The current creation ALWAYS had a potential for sin. The new creation will have NO potential for sin. The potential for sin was necessary to ensure that God could obtain a willingly obedient people to adopt into His family. Willingness requires the provision of a genuine choice. Such a choice also presents the possibility of wilful disobedience. That of course was the outcome when Adam and Eve willingly disobeyed God’s sole prohibition in eating the forbidden fruit an act that led to condemnation for all men.

Of course God was not taken by surprise. He had foreknown Adam’s sin and a plan for man’s redemption had been ordained even before the world had been created. This plan is glorious beyond our comprehension. It enabled the salvation of mankind without being dependent upon anything within mankind. Sinful man could do NOTHING to bring himself again into right relationship with a Holy, just and righteous God. But God didn’t leave man in that helpless and hopeless situation. While man had no power to save Himself, God was more than able and willing.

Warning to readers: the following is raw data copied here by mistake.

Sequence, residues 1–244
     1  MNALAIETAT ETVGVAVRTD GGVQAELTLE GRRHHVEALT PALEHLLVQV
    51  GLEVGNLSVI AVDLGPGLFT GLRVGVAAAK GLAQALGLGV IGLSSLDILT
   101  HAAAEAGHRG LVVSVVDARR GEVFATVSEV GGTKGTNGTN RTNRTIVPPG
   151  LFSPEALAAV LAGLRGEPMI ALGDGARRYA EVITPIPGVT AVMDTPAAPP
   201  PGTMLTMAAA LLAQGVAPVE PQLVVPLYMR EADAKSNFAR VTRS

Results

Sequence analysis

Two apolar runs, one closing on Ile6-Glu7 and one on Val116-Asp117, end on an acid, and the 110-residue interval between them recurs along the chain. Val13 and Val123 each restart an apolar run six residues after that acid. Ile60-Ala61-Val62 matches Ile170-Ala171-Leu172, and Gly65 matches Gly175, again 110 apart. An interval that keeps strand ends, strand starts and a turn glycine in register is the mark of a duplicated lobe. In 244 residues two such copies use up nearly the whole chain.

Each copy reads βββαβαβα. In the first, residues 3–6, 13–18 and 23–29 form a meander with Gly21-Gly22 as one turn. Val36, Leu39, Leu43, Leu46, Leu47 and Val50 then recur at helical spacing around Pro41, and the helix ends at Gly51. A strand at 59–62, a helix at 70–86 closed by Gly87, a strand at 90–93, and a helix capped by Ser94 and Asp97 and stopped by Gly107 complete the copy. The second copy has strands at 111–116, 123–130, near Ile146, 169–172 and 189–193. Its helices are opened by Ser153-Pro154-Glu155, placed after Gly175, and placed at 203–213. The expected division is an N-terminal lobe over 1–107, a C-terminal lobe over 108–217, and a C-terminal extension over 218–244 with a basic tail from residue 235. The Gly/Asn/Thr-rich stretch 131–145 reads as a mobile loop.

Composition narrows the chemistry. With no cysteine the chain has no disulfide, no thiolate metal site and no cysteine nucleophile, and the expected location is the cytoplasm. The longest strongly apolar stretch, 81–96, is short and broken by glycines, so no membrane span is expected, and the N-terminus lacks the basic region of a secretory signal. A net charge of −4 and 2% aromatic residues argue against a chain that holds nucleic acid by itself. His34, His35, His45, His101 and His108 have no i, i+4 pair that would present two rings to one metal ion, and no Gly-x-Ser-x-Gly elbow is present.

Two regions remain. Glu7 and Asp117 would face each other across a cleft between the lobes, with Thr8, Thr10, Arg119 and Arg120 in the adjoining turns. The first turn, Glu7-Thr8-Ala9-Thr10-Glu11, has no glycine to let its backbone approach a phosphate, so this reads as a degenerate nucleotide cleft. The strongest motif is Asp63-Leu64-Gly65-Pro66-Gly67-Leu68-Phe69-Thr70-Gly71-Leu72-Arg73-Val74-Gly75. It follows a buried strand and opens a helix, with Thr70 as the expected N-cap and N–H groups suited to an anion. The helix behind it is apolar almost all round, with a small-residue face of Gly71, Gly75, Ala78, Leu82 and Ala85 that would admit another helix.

It is impossible to adequately describe God’s means of saving mankind. Words like glorious, amazing, brilliant and extraordinary are all inadequate. It has incredible breadth and countless facets, all of which turn the focus back on the redeeming creator instead of the redeemed creature.
He has provided a way through which all of mankind has the opportunity to be freed from the sin that has separated us from Him. That way is an expression of God’s mercy, His love and His justice. It is not arbitrary and favours no individual above another. Mankind is given both freedom and responsibility, making us accountable for our sin but giving us the opportunity to be freed from it. God’s justice demands that sin be punished, and in His mercy He Himself took the punishment for our sin.

All of this is part of God’s grand plan. It all fits together. From the initial creation followed by Adam’s sin right through to the destruction of this world and the creation of a replacement. Every part of the process has a reason. Everything is leading up to God making His home with a family chosen from among mankind; from all ages and from all nations, tribes and tongues.